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Please be aware that this old REACH registration data factsheet is no longer maintained; it remains frozen as of 19th May 2023.

The new ECHA CHEM database has been released by ECHA, and it now contains all REACH registration data. There are more details on the transition of ECHA's published data to ECHA CHEM here.

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Environmental fate & pathways

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The logarithm of the organic carbon normalized adsorption coefficient (log Koc) for HFP kinetic dimer could not be determined by an HPLC method according to OECD TG121. The log Koc value was instead calculated using the experimental log Kow value and the equation specified for 'Predominantly hydrophobics' in Chapter 4 of the Technical Guidance Document on Risk Assessment. The log Koc value so calculated was 3.4.

The Henry’s Law constant (HLC) for HFP kinetic dimer was measured directly using concentrations in a water-air system. The dimensionless HLC was 5690 at 22 °C, 760 mmHg (HLC in unit-specific values: 1.40E+07 Pa∙m³/mol, or 138 atm∙m³/mole). Koa was determined by combining dimensionless Kow reported as an intermediate result in the partition coefficient study report with the dimensionless HLC. The overall Koa value for HFP kinetic dimer is 2.46 (log Koa, 0.39). Considering the HLC, Koa and the Koc values, the majority of HFP kinetic dimer is expected to volatilize from soil or aqueous solution in open systems. Only a very small amount of HFP kinetic dimer is expected to dissolve and subsequently be available for leaching in soil. Adsorption to soil or suspended particles is not an important fate for HFP kinetic dimer in environment.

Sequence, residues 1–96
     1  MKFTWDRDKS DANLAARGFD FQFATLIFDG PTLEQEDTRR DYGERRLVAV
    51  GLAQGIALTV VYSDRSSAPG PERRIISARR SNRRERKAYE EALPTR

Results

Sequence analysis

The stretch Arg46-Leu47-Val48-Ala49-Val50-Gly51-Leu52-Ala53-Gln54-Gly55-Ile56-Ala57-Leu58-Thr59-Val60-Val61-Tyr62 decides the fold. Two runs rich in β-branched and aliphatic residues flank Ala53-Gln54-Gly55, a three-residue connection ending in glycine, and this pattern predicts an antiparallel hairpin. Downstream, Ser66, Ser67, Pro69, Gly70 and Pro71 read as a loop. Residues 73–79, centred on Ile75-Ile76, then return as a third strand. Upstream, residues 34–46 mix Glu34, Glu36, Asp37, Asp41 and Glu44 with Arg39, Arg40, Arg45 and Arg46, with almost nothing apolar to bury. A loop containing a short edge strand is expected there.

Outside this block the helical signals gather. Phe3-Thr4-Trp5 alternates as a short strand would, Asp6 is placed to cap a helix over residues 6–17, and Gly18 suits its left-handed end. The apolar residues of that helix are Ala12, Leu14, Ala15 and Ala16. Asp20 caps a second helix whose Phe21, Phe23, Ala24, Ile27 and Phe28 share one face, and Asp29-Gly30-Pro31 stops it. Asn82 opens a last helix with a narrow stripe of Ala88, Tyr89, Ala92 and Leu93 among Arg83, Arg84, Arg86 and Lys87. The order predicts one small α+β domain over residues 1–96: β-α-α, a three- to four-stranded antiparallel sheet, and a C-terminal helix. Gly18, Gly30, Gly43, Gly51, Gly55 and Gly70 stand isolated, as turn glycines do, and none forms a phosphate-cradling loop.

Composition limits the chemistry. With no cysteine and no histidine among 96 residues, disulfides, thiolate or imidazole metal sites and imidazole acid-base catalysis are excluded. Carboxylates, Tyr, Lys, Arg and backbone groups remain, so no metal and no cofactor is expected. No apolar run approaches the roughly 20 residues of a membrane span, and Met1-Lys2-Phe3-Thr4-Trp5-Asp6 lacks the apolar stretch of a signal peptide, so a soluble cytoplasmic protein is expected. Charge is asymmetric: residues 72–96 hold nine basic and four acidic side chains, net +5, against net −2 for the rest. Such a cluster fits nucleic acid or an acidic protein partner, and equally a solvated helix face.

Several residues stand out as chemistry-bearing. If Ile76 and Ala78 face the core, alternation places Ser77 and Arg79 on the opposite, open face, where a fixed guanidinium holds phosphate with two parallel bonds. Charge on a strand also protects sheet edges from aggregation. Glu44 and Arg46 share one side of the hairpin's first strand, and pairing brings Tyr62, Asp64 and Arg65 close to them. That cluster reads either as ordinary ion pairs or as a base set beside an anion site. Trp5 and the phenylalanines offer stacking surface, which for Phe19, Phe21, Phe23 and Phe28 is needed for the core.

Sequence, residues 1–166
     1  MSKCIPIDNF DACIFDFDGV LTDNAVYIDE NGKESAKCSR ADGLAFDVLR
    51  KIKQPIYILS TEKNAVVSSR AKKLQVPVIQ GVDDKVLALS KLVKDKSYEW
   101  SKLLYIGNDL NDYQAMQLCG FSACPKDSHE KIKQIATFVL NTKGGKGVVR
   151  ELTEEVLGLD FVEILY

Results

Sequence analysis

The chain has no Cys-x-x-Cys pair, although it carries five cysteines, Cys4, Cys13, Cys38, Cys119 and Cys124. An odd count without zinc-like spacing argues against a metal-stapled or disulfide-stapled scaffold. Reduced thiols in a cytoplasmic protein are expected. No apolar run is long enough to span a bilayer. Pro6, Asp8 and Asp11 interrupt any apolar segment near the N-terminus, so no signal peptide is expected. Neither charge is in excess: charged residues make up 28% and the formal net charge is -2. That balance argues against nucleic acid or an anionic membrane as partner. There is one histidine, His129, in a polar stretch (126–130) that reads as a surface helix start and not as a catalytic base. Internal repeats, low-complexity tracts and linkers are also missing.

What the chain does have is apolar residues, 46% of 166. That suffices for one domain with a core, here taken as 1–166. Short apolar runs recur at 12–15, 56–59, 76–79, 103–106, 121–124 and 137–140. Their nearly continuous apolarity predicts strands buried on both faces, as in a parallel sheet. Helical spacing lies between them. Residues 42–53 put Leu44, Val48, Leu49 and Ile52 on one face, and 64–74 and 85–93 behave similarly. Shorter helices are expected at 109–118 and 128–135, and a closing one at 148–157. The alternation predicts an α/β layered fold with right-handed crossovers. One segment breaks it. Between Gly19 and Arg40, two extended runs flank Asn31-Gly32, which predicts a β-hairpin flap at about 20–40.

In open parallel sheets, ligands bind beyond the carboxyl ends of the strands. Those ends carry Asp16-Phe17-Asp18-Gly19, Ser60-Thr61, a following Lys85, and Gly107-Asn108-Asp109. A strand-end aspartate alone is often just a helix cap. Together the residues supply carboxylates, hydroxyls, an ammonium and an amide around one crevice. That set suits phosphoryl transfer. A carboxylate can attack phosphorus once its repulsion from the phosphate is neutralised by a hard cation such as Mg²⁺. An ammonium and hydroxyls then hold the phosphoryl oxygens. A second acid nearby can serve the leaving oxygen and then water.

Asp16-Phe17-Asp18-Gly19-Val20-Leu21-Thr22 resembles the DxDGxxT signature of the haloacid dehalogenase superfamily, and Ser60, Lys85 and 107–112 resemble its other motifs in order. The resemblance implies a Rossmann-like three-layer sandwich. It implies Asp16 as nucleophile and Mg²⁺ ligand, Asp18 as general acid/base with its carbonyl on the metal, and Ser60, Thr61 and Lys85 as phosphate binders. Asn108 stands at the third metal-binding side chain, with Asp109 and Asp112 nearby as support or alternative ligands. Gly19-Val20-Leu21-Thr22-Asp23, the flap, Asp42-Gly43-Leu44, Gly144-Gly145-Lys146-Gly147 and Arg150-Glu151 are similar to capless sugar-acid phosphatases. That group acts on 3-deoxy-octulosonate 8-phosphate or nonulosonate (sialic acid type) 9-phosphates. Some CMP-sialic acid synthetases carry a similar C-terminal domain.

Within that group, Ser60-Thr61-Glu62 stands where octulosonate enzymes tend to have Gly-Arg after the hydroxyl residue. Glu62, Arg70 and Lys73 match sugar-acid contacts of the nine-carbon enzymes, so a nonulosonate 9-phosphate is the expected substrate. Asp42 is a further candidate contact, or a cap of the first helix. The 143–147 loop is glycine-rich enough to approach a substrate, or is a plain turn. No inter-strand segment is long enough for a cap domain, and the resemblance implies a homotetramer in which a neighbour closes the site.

Distribution in the environment was modeled using a Level III fugacity model, EQC model V1.01. The EQC model was developed for use with highly volatile and poorly water soluble compounds and was validated against data for decamethylcyclopentasiloxane, i.e. D5.(1) Two cases were examined: 100% release to the atmospheric compartment and 100% to the soil compartment. In the atmospheric-release case, 99.996% of HFP kinetic dimer was predicted to be in gas phase in the air compartment, whereas 0.0036% was predicted to be in the gas-filled pore spaces in the soil, and 0.00020% sorbed to soil solids. The half-time for transport from soil to air was predicted to be 1.47 hours, which is several orders of magnitude shorter than transport from air to soils or from air to water. In the soil-release case, 2.11% was predicted to be retained in the soil, of which 2.00% is in the gas-filled pore spaces and 0.11% is sorbed to soil solids. Only negligible amounts of HFP kinetic dimer are expected to be present in aquatic systems or soils.

1) Hughes, L.; Mackay, D.; Powell, D. E.; Kim, J. An updated state of the science EQC model for evaluating chemical fate in the environment: Application to D5 (decamethylcyclopentasiloxane). 2012, Chemosphere, 87, 118-124. The model was downloaded from the Canadian Centre for Environmental Modelling and Chemistry, .